Bell Proof Against Hidden Variables in EPR

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I have a question regarding the paper by John Bell (www.drchinese.com/David/Bell_Compact.pdf‎ [Broken]) in which he shows that a certain hidden variable approach cannot reproduce the expectation values predicted by QM for a pair of particles in the singlet state.

After eqn 15 on page 4, I don't understand the logic. Why can't ##P(b,c)## be stationary at the point ##b=c##? Seems like ##P## could have a minimum at ##b=c## and hence be a stationary point. How does ##P(b,c)## being the order of ##|b-c|## around ##b=c## prevent that? I guess I'm missing something big here.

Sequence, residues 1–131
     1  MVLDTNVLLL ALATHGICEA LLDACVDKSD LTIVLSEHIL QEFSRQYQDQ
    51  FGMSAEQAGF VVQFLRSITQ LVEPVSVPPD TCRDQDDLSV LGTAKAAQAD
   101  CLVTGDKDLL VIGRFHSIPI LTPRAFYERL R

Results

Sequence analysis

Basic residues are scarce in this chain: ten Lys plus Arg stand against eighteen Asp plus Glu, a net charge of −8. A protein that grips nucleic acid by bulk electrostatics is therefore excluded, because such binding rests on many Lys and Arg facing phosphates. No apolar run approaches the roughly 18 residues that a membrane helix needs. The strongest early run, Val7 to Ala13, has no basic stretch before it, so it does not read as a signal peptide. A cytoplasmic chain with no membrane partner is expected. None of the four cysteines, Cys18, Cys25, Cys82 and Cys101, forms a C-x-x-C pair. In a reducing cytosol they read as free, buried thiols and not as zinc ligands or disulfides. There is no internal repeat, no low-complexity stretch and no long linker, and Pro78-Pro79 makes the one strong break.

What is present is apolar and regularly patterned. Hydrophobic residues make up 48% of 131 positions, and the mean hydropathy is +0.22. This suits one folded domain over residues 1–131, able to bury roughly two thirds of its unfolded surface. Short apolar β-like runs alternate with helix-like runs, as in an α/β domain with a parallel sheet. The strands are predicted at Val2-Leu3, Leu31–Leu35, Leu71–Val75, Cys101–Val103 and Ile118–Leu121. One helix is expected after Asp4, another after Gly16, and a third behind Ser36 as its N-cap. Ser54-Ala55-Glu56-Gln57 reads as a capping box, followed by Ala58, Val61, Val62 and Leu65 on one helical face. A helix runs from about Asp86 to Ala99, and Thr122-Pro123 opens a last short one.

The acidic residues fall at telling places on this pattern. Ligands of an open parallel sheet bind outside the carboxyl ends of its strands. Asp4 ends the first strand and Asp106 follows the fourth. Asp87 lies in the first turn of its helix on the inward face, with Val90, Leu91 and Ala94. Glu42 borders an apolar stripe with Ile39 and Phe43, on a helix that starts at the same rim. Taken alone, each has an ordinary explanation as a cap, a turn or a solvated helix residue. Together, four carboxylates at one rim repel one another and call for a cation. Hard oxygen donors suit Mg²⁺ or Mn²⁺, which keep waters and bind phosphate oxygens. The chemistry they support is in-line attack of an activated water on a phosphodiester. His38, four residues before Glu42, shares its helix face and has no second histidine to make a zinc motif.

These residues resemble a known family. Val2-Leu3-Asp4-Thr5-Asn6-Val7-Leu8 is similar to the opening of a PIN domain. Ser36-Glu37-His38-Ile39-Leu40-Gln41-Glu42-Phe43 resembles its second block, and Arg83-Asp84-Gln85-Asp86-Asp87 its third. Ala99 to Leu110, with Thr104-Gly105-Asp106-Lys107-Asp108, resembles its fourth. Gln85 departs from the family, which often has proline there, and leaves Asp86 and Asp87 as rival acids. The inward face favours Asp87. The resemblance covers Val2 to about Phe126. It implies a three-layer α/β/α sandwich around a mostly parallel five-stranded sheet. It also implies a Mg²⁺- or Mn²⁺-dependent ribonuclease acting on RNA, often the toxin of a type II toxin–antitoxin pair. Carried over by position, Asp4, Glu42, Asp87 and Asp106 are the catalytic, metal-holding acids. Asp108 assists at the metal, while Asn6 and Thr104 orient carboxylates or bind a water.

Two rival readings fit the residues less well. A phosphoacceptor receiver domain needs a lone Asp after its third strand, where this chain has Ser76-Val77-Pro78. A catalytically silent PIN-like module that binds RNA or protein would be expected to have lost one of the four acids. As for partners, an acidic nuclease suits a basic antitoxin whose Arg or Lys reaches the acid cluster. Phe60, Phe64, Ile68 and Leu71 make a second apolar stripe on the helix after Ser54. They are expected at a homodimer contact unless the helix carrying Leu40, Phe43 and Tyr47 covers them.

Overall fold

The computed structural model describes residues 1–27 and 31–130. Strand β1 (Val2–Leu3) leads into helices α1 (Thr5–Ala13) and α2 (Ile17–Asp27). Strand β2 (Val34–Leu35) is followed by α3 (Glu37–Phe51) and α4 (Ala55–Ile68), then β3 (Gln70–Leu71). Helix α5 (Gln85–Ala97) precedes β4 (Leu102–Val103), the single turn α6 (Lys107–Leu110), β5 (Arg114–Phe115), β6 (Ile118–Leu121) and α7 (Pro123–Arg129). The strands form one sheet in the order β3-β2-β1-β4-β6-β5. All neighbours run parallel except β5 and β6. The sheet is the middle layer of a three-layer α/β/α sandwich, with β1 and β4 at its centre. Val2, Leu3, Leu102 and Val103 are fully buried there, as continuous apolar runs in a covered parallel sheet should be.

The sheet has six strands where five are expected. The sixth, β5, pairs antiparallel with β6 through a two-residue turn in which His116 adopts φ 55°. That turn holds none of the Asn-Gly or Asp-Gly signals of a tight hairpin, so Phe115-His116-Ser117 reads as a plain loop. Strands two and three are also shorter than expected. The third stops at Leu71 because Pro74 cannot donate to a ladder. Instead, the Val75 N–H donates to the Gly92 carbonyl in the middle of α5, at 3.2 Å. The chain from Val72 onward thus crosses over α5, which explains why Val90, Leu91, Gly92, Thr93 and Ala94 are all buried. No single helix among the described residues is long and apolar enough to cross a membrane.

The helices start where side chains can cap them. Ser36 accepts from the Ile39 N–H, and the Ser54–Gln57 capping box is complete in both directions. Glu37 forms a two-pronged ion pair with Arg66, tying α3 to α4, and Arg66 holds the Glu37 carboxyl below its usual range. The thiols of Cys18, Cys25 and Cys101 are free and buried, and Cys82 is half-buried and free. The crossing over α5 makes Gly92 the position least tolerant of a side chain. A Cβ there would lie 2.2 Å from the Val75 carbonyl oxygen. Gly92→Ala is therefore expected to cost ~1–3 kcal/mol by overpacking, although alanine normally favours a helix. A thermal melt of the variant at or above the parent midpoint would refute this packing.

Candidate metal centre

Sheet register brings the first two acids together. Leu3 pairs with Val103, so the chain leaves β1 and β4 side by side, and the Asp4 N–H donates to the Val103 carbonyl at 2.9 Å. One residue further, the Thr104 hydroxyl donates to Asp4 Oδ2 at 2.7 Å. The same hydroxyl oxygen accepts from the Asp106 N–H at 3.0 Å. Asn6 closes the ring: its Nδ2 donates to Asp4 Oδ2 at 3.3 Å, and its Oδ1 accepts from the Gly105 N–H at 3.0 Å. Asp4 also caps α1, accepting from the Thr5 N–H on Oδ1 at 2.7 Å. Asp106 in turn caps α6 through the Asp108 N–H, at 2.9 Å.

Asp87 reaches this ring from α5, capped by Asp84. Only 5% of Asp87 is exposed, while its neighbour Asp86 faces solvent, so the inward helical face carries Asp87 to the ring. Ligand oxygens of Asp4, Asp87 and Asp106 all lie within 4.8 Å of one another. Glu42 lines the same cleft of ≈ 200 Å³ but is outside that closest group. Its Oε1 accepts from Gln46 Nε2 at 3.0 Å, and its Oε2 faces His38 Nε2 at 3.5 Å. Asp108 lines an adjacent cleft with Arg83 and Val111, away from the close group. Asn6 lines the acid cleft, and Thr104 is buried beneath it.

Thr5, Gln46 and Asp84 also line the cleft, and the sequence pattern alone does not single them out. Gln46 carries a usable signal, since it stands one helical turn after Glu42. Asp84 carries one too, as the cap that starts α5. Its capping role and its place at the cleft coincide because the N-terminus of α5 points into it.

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Hi Actually saying Bell's theorem rules out local hidden variables is today's take. Bell viewed the violation of his inequalities as a failure of local causality of Special Relativity.

To me your question is just this: as b and c get close, then the difference b-c will take all sorts of small values and in Bell's words is not stationary.

I think this is a mathematical point: apply two colinear fields at b=c and the correlation will also be non stationary.

This point was addressed, if I recall, by CHSH who derived their inequalities to remove this point. However please note that this case (b=c) is very rare and the violation of the CHSH requires b and c to be orgononal, not colinear. Hence their magnitude is |b-c| = root(2)--look familiar.

hope this helps
 
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